Identification of a New Chromosomal Region Involved in the Genetic Control of Resistance to Anthracnose in Common Bean.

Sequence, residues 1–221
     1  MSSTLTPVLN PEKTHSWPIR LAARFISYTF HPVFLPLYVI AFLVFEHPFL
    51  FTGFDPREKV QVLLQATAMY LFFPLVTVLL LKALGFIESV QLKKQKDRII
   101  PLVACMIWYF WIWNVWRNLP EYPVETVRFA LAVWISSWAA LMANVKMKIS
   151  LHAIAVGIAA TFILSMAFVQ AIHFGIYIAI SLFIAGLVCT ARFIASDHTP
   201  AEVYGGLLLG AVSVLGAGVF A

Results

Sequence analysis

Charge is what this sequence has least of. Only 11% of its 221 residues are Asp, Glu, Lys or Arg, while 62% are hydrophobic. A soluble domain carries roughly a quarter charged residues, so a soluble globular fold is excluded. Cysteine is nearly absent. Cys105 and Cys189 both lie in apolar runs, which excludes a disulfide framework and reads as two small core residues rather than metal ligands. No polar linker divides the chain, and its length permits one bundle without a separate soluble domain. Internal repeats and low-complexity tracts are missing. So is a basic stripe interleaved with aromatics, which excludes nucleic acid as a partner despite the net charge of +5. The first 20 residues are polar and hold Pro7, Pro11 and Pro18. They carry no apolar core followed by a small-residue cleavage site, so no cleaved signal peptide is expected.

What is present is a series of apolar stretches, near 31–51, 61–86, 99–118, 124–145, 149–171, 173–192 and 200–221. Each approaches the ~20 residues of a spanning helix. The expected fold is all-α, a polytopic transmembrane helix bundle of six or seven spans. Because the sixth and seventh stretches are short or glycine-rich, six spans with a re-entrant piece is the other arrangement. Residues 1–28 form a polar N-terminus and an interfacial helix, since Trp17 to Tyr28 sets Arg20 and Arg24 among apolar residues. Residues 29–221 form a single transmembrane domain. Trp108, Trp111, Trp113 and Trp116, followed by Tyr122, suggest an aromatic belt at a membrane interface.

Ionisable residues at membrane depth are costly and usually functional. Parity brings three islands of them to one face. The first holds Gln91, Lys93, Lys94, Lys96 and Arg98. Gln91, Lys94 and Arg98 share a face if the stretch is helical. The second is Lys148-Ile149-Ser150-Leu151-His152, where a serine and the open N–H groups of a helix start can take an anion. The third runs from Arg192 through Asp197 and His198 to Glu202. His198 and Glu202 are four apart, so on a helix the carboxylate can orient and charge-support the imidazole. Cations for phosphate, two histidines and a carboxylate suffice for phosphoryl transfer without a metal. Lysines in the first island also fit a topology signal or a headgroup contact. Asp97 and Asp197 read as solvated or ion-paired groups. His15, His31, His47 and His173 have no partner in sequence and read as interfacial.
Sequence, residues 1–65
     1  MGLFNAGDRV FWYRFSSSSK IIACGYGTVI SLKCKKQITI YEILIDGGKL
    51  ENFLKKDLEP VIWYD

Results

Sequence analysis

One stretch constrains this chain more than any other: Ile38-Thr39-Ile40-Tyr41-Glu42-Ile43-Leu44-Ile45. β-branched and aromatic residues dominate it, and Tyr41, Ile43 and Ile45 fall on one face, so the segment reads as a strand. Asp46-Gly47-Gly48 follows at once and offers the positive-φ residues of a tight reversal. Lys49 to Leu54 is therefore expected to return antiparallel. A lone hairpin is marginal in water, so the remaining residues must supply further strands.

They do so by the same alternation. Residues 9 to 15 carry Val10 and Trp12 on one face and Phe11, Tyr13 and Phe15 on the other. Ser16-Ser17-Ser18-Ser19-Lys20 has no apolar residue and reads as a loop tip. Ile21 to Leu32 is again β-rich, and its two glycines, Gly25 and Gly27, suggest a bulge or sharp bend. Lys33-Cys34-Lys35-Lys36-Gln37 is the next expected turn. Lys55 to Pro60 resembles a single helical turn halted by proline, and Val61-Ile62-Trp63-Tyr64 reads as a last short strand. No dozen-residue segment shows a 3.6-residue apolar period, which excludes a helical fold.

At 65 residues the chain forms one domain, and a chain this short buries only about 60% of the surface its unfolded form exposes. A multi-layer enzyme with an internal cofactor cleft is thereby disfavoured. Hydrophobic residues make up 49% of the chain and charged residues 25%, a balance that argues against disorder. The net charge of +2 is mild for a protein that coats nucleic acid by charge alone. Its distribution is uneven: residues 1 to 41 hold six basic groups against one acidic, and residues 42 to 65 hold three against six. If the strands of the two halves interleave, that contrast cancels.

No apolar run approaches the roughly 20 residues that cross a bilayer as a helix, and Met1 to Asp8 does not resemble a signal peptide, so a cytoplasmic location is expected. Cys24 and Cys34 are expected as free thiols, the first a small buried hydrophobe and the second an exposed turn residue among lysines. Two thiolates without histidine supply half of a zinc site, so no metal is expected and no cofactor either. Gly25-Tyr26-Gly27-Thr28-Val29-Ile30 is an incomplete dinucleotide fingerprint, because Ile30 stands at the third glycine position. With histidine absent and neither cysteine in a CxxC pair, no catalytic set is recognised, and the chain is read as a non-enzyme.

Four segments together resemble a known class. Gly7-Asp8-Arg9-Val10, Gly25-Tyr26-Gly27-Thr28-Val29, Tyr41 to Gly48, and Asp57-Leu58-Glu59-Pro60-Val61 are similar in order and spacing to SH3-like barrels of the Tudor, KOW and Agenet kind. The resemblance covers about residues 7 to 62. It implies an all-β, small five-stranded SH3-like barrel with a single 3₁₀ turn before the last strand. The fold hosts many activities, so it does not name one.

Anthracnose caused by Colletotrichum lindemuthianum (Sacc. & Magnus) Lams.-Scrib. is a major disease affecting common bean (Phaseolus vulgaris L.) crops worldwide. Response to five C. lindemuthianum isolates, classified as races 3, 6, 7, 38, and 73, were analyzed in 156 F2:3 families derived from the cross between line SEL1308 and cultivar Michigan Dark Red Kidney (MDRK). SEL1308 was resistant to all five races, while MDRK was susceptible to all except for race 73. Segregation ratio for response to races 3 and 7 indicated that single dominant genes were responsible for the resistance reaction to each race. Recombination between both race-specific genes was observed and no linkage was found with any of the molecular markers tagging Co-genes or clusters previously described. Linkage analyses allowed the location of both genes at the beginning of linkage group (LG) Pv03, a region tentatively named as Co-17. Segregation ratio for response to races 6 and 38 indicated that two dominant and independent genes conferred resistance to these races. Contingency tests and subpopulation analyses suggested the implication of one region on LG Pv08, corresponding to the Co-4 cluster, and the Co-17 region. For reaction to race 73, the most likely scenario was that two dominant and independent genes conferred resistance: Co-1 in MDRK and Co-42 in SEL1308. Results indicated that, in addition to Co-42 , SEL1308 carries resistance genes located at the beginning of LG Pv03, in which no anthracnose resistance genes were previously mapped. In silico analysis revealed the presence of seven genes codifying typical resistance proteins (R-proteins) in the underlying physical position of the Co-17 region.
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